NASDAQ reputation under microscope again after Twitter earnings mishap

NASDAQ prematurely released Twitter's earnings on Monday afternoon.

NEW YORK: Six months after NASDAQ accidentally published JPMorgan's quarterly results hours ahead of schedule, the stock exchange’s reputation is in the spotlight again for prematurely releasing Twitter’s earnings.

NASDAQ’s top priority should be explaining how it's going to fix the situation since it’s a recurring issue, says Dix & Eaton senior MD Lisa Rose.

Twitter was due to announce Q1 earnings after close of trading on the New York Stock Exchange, where the company is listed. However, the information was released around 3:00 pm EST time on the technology-led NASDAQ-run investor relations page for Twitter yesterday. The gaffe wiped $8 billion off of Twitter’s value.

A NASDAQ spokesperson told PRWeek that the stock exchange’s subsidiary Shareholder.com, which is a communications and IR intelligence service, inadvertently posted the Twitter earnings release prematurely on their investor relations website yesterday.

Basically, it was an operational issue, the rep added. Although the post was only online for 45 seconds, financial intelligence platform Selerity picked it up and tweeted out the earnings information.

"We certainly regret the incident and are fully committed to providing the highest quality of IR comms products and services to our clients," the NASDAQ spokesperson said.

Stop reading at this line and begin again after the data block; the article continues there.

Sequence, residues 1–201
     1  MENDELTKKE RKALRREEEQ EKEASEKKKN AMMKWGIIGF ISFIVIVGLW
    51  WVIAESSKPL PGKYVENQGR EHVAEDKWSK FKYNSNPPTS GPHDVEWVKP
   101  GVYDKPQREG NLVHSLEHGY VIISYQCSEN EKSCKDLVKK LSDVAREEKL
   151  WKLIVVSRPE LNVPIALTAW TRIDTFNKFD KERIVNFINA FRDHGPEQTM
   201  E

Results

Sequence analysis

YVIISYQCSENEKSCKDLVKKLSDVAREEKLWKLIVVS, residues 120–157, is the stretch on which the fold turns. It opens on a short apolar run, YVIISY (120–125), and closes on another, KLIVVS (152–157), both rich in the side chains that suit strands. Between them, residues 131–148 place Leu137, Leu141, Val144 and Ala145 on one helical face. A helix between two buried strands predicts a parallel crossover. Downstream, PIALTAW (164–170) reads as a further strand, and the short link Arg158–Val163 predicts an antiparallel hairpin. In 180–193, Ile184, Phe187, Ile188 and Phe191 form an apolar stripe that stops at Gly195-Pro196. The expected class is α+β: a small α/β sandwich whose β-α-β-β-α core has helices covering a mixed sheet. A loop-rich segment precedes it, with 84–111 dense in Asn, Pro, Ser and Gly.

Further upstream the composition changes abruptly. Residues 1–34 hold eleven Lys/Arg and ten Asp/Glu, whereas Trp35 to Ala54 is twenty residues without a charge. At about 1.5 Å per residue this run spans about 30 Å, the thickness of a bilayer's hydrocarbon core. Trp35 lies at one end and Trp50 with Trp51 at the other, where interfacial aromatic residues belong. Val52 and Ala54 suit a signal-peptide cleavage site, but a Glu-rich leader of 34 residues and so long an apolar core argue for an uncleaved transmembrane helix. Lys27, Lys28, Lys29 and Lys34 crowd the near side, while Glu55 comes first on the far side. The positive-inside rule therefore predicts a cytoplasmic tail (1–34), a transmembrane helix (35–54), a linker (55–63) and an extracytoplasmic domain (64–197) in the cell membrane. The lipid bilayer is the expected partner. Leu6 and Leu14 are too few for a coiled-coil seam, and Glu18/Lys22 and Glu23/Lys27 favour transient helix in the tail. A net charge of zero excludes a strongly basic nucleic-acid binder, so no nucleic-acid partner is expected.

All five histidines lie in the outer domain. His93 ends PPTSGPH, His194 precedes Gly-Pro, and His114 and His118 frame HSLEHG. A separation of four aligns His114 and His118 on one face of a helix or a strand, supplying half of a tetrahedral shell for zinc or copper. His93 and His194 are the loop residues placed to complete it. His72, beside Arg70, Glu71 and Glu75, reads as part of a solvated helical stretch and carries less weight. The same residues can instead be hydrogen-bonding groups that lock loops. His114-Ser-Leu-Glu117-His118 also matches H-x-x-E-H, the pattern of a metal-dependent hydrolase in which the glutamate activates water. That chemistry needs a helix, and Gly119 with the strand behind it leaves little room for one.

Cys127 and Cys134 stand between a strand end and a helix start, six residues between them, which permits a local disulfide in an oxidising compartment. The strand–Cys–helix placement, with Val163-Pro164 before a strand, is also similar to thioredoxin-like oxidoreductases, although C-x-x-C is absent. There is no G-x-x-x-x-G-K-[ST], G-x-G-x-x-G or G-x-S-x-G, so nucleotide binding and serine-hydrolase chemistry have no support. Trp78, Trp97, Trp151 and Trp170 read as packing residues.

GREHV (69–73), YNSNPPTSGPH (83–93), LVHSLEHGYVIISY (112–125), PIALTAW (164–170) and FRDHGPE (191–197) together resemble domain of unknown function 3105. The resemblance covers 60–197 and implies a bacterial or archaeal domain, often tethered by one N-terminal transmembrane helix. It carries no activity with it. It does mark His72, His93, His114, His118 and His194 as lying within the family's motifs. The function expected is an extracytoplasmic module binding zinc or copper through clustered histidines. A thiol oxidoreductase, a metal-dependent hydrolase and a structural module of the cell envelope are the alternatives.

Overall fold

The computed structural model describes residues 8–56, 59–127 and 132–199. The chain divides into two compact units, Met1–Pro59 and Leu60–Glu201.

Representatives from NASDAQ declined to comment further about how the company intends to manage its reputation following this incident.

NASDAQ has been grappling with technology snafus for years. Aside from recent issues, technical glitches stopped the stock exchange from offering shares on schedule during Facebook's public debut in 2012. At the time, NASDAQ blamed the design of the software it uses during IPOs.

"They need to protect their reputation, so they need to explain to Twitter and everyone else what they are doing to make sure it doesn’t happen again," Rose said.

One way the company could show its effort to right its wrongs is to partner with Selerity to figure out how they can prevent this from recurring, Rose suggested.

She added that NASDAQ should reevaluate how it distributes news. Large companies, such as Twitter and Google, tend to use their websites as the main form of distribution for material news, which leaves more room for human error.

"Sometimes companies, analysts, or investors will type in a website address where they think information for the next quarter will be, and they can find news that isn’t meant to be published yet," Rose said. "This is one of those lessons you learn the hard way with technology."

Meanwhile, smaller, less recognizable companies are still using newswire services to issue releases.

"This type of mistake doesn’t typically happen if a newswire service is used," Rose explained.

Because the information was released ahead of schedule, Twitter had to halt trading and answer calls about how the earnings got released.

"Twitter’s IR team had to deal with this issue on an already very busy day," Rose noted. "This really created a nightmare for them and disrupted their process."

Usually, an earnings announcement is an extremely controlled process. Companies are quiet until they hold a conference call. Typically they send a release out around the same time, and then take follow-up calls.

If problems persist at NASDAQ, clients may become frustrated or untrustworthy of the technology the company uses, warned Rose. The stock exchange also runs the risk of listed companies switching to other exchanges, she added.

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